• Thu
  • Jul 31, 2014
  • Updated: 9:19am

WHO hardens pandemic warning

PUBLISHED : Sunday, 28 November, 2004, 12:00am
UPDATED : Sunday, 28 November, 2004, 12:00am

Estimate of 7 million flu deaths is conservative, say officials


World Health Organisation officials say estimates of up to 7 million deaths from a flu pandemic are conservative and have appealed to Asian governments to take urgent action to avert the imminent threat from bird flu.


The officials say the H5N1 bird flu virus has become more virulent and more deadly to many animals in the past year - meaning governments would be ill advised to delay action.


They were speaking to the Sunday Morning Post after the WHO's two-day meeting of health ministers from 13 Asian countries in Bangkok, which ended on Friday with ministers pledging to boost co-operation to head off the threat of a flu pandemic and to prepare plans to deal with one.


A flu pandemic occurs when a new strain emerges to which humans have no immunity. Many experts now say the H5N1 virus is the most likely candidate to spark a global disaster.


The Western Pacific regional director of the WHO, Shigeru Omi, said the estimate for infections and deaths put out at the Bangkok meeting on Thursday was based on figures from United States experts.


'The purpose of this exercise is not to come up with exact figures but to give the magnitude of the problem,' he told the Post. 'The one that was given by the WHO [on Thursday] is a conservative figure.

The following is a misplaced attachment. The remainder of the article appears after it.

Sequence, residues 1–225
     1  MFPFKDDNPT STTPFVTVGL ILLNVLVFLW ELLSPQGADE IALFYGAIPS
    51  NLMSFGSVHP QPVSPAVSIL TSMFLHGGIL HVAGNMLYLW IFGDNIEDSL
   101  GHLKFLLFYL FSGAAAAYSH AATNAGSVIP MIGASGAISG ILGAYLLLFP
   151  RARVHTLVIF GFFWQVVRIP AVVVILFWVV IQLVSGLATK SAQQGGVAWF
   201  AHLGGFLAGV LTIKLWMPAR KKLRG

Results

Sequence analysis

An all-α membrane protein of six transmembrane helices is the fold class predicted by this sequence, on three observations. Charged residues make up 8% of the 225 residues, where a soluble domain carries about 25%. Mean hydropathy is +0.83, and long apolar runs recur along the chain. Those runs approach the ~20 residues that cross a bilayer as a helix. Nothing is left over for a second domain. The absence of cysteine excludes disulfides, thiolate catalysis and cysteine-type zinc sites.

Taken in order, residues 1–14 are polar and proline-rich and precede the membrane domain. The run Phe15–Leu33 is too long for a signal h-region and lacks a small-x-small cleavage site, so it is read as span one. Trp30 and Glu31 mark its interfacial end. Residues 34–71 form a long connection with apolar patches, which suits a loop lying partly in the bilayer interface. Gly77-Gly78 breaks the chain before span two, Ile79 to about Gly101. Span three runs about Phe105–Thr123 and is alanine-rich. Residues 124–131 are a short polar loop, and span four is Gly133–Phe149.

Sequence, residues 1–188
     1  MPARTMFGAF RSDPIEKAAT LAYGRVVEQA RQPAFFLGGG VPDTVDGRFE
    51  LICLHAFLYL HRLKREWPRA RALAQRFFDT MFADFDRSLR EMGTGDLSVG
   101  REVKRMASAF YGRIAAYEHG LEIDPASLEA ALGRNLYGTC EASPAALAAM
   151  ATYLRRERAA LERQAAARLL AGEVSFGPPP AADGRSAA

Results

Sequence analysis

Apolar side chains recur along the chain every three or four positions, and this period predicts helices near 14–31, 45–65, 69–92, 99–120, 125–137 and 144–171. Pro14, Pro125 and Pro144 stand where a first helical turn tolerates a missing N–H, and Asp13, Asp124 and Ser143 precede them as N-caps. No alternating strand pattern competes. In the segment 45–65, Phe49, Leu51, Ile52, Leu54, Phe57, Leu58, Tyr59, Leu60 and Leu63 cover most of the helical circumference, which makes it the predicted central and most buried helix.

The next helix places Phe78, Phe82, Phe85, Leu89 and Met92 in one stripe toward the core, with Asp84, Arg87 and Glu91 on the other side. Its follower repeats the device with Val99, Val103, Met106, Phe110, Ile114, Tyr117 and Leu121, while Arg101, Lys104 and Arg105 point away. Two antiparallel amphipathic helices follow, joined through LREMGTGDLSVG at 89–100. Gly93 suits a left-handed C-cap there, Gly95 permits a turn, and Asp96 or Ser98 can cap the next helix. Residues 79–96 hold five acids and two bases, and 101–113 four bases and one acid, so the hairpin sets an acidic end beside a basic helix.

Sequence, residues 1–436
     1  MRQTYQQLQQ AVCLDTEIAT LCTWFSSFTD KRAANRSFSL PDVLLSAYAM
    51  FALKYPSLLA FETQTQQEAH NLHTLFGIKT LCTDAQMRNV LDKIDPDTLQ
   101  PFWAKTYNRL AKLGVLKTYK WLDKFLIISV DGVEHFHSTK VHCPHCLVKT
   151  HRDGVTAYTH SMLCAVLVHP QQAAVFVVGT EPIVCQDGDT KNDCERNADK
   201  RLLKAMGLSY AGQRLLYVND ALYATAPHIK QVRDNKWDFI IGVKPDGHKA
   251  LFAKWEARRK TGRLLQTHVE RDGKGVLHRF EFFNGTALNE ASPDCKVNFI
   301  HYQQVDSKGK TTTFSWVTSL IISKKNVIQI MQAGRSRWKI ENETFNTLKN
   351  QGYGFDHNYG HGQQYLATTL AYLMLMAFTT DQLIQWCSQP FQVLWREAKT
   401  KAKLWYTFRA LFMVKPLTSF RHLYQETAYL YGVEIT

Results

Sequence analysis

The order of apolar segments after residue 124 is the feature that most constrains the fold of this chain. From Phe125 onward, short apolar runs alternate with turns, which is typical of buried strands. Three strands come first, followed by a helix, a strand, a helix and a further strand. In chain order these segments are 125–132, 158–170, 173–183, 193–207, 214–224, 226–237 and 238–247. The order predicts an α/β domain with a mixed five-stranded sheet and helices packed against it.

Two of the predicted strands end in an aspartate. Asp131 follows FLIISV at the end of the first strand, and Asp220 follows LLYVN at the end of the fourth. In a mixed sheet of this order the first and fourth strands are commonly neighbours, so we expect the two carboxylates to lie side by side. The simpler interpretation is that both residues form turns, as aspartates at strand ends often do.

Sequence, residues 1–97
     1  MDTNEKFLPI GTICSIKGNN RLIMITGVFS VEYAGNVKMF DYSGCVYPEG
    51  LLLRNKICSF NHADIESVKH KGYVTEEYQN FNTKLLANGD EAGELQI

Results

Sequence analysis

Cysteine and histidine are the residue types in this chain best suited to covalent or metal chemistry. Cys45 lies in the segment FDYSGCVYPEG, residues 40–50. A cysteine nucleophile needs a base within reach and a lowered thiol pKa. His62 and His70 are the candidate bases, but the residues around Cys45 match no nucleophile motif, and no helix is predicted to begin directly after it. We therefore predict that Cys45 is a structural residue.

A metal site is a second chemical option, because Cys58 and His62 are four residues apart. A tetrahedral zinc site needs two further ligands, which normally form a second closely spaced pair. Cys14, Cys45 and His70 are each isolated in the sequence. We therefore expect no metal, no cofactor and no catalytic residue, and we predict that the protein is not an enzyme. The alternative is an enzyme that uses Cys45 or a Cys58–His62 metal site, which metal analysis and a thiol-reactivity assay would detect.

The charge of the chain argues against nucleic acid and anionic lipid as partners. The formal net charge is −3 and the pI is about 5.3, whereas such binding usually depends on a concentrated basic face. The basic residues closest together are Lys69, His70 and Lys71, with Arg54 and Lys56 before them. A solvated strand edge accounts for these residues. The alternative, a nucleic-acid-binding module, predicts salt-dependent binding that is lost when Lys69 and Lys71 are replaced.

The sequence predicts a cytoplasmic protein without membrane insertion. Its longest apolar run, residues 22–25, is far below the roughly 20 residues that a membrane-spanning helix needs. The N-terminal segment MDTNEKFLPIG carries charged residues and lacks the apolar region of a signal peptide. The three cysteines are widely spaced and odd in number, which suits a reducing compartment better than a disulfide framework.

'Twenty-five to 30 per cent [of the world's more than 6 billion people] will be affected. This is the assumption based on the geographic situation today and the histories of influenza in the past.'


Klaus Stohr, head of the WHO's global influenza programme, whose estimates of 2 million to 7 million deaths caused ripples, said both history and the way H5N1 had behaved were reasons experts believed that a flu pandemic was closer than ever. 'Having such an avian virus now circulating and making it already partially into humans, causing disease, is not something which we can totally neglect,' he said.


'It would be ill-advised if we would just sit there, lean back, twiddle our thumbs, watch nature, watch what is happening. That must not happen in view of the possible health and economic implications of such a pandemic.'


The two waves of outbreaks in Asia this year have led to the deaths or destruction of more than 100 million birds in nine countries. Of 44 people who fell sick in Vietnam and Thailand, 32 - or more than two-thirds - died.


When H5N1 first jumped the species barrier in 1997 in Hong Kong, six of 18 people - or one third - died.


The outbreak was halted when nearly 1.4 million birds were culled.


After a four-year lull, H5N1 struck Hong Kong poultry - 70 per cent of which comes from the mainland - three more times between 2001 and 2003. A Hong Kong father and his daughter died of H5N1, while a son recovered in February last year.


'We have had pandemics throughout the last couple hundred of years and it is very unlikely that we might be spared in the century to come,' Dr Stohr said. 'History tells us that these are recurrent natural events.'


Dr Omi said he felt a change in attitude among health ministers since a meeting in Bangkok in January. 'They now seem to understand the possibility of a pandemic here [and] the need for improving animal husbandry practices.'


While the current outbreak has waned, the experts said bird flu had become more deadly for chickens and had infected a host of animals, including cats, tigers and pigs. It was also worrying that it had gained a strong foothold in ducks, which did not fall ill, they said.


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